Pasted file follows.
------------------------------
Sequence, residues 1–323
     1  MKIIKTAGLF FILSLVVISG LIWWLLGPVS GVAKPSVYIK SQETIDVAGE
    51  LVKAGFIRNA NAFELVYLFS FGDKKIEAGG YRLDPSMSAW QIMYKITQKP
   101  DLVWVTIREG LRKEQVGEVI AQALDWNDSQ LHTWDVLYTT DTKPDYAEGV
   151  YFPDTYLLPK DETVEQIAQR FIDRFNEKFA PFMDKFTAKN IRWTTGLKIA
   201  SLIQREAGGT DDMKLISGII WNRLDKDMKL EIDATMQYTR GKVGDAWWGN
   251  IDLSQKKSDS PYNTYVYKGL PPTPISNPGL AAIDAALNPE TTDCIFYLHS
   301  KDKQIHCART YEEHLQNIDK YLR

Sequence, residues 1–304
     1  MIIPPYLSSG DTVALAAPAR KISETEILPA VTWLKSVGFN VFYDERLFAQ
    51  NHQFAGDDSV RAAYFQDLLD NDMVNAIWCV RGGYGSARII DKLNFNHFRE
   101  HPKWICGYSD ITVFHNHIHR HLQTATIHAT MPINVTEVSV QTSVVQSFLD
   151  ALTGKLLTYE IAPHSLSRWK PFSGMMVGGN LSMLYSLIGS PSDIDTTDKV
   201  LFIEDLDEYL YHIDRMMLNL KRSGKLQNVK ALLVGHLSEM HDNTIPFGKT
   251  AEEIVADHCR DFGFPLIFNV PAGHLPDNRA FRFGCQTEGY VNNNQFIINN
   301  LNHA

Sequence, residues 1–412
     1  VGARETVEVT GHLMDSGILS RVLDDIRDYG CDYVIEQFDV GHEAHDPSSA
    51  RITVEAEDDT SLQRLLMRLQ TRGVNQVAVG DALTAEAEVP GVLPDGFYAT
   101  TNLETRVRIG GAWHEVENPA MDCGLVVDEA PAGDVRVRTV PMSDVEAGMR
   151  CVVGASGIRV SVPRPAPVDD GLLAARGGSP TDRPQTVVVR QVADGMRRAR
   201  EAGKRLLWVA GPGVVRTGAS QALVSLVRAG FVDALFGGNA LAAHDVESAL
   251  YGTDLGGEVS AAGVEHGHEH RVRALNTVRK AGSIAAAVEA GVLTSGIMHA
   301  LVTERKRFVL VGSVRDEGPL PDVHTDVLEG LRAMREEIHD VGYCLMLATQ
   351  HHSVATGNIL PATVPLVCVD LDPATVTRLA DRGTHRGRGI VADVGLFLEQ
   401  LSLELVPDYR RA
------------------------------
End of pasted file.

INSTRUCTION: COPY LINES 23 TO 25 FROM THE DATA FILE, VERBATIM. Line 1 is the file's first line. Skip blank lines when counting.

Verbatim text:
   251  YGTDLGGEVS AAGVEHGHEH RVRALNTVRK AGSIAAAVEA GVLTSGIMHA
   301  LVTERKRFVL VGSVRDEGPL PDVHTDVLEG LRAMREEIHD VGYCLMLATQ
   351  HHSVATGNIL PATVPLVCVD LDPATVTRLA DRGTHRGRGI VADVGLFLEQ